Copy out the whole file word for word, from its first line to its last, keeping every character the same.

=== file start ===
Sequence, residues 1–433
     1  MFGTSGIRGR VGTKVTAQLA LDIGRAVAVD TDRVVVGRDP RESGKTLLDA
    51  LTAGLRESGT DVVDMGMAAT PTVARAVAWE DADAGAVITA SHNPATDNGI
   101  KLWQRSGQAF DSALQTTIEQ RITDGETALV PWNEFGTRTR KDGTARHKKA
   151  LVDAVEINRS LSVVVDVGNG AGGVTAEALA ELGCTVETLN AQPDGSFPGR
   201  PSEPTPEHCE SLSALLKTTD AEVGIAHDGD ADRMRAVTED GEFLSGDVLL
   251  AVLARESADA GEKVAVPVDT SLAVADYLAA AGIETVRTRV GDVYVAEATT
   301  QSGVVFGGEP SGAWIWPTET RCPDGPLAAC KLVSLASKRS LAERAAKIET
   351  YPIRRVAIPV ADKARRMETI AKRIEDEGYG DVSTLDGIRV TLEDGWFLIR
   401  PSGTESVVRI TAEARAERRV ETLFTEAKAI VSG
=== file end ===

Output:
Sequence, residues 1–433
     1  MFGTSGIRGR VGTKVTAQLA LDIGRAVAVD TDRVVVGRDP RESGKTLLDA
    51  LTAGLRESGT DVVDMGMAAT PTVARAVAWE DADAGAVITA SHNPATDNGI
   101  KLWQRSGQAF DSALQTTIEQ RITDGETALV PWNEFGTRTR KDGTARHKKA
   151  LVDAVEINRS LSVVVDVGNG AGGVTAEALA ELGCTVETLN AQPDGSFPGR
   201  PSEPTPEHCE SLSALLKTTD AEVGIAHDGD ADRMRAVTED GEFLSGDVLL
   251  AVLARESADA GEKVAVPVDT SLAVADYLAA AGIETVRTRV GDVYVAEATT
   301  QSGVVFGGEP SGAWIWPTET RCPDGPLAAC KLVSLASKRS LAERAAKIET
   351  YPIRRVAIPV ADKARRMETI AKRIEDEGYG DVSTLDGIRV TLEDGWFLIR
   401  PSGTESVVRI TAEARAERRV ETLFTEAKAI VSG